There are many defenses to the charge of manufacturing, distributing, dispensing or possessing with the intent to distribute fentanyl. Often times when an individual is charged with a fentanyl related offense, police have seized a quantity of fentanyl from the individual, their home or vehicle. In order for police to search an individual, their home or vehicle, police need sufficient legal justification to do so. Before police search a person or a vehicle, they need probable cause to believe that they will find fentanyl. If the police lack probable cause before conducting a search, the evidence that they find after the search may be suppressed by a Judge and would therefore be inadmissible in court. If the evidence is suppressed and inadmissible in court the charges may be dismissed.
If police search a home, they will typically need to secure a warrant before entering a home and searching. A warrant is applied for by sworn affidavits that are presented to a Judge. If the police do not obtain a warrant before searching an individual’s home, the evidence that they find in the home may be suppressed and the charges may be dismissed. Additionally, if the police do obtain a warrant but obtained the warrant by supplying incorrect information to the Judge who issued the warrant, the warrant may be deemed legally invalid thus making the evidence that was recovered from the home inadmissible.
What are the Penalties for Fentanyl Possession in NJ?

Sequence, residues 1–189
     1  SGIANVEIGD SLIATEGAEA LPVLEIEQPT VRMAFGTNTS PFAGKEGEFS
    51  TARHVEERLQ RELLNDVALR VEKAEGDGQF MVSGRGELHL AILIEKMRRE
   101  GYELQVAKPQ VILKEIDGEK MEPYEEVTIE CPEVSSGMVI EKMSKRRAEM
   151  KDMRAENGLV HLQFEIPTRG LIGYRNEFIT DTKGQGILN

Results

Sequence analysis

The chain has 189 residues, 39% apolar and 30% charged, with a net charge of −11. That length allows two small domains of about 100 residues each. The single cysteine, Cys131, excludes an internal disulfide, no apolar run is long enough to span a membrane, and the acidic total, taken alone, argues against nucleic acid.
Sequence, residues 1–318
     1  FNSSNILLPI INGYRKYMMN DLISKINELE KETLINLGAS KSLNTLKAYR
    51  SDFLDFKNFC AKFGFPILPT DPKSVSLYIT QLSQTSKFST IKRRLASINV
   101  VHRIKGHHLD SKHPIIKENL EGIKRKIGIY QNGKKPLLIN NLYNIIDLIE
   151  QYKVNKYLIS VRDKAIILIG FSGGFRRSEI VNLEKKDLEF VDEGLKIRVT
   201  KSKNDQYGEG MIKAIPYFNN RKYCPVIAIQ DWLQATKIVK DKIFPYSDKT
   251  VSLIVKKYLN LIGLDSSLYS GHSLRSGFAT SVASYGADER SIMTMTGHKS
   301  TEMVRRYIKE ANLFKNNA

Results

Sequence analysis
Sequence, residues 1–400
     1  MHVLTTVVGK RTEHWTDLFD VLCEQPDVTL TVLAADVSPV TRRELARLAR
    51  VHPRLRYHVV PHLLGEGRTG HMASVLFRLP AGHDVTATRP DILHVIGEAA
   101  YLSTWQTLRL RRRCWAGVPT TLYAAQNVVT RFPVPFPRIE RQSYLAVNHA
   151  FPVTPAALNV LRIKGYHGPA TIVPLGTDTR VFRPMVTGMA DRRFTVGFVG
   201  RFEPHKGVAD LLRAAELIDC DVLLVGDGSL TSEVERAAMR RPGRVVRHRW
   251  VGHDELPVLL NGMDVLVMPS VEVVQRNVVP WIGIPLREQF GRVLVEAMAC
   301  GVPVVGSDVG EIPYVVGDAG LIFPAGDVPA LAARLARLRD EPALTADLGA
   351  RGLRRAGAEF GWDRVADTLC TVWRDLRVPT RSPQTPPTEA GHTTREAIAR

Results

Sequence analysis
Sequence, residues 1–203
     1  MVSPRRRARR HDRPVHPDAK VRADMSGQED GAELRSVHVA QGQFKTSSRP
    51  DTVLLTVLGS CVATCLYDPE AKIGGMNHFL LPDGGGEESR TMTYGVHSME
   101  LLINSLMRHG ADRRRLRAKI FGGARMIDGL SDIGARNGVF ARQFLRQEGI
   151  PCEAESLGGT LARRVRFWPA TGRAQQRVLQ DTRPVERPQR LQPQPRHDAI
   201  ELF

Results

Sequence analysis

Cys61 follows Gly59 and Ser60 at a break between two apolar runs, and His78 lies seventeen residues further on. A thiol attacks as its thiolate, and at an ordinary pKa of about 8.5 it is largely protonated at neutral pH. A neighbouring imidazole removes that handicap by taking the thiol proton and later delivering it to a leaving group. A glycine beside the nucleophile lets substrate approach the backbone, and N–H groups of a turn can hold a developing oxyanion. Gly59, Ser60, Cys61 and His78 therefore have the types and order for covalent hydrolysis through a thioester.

Pursuant to N.J.S.A. 2C:35-10 possession of fentanyl is a third-degree crime in the state of New Jersey. A conviction for third degree possession of fentanyl subjects an individual to probation, incarceration in the county jail for up to 364 days, a term in state prison between three and five years and various fines of up to $35,000.00.
The specific penalty that an individual will face for possession of fentanyl will depend on a variety of factors which include the individuals prior record, the amount of fentanyl, and the circumstances in which the fentanyl was possessed. Simple possession, meaning the fentanyl was possessed in a small amount for personal use will result in the potential penalties described above. If the individual does not have a prior record, it is likely that the individual would receive a period of probation and not face further jail time. However, if the individual was in possession of a larger amount of fentanyl and the police or prosecutor allege that the individual possessed the fentanyl with the intent to give or distribute fentanyl it to another person, the penalties can be much more severe and can include jail time.
Defenses for Possession of Fentanyl in New Jersey
There are certain defenses to a possession of fentanyl charge that may be raised. Some common defenses include challenging the reason that the police stopped the individual in the first place and or challenging the evidence that the person was actually in possession of illegal substances.
Under New Jersey law, police officers need reasonable suspicion to stop an individual and question them about any activity. Further, they need probable cause to conduct a search of a person or vehicle and or make an arrest. Often times they are required to obtain a warrant before conducting a search. If the police violate an individual’s constitutional principles, the evidence that they recover may not be used in a prosecution of the individual and the charges will likely be dismissed.
Obviously, the specific facts and circumstances will dictate whether an individual should assert the above defenses. It is therefore important to consult with an experienced criminal defense attorney who has successfully raised these constitutional defenses before. At our firm, all of our attorneys have successfully raised constitutional defenses on behalf of charged individuals and have had drug cases dismissed.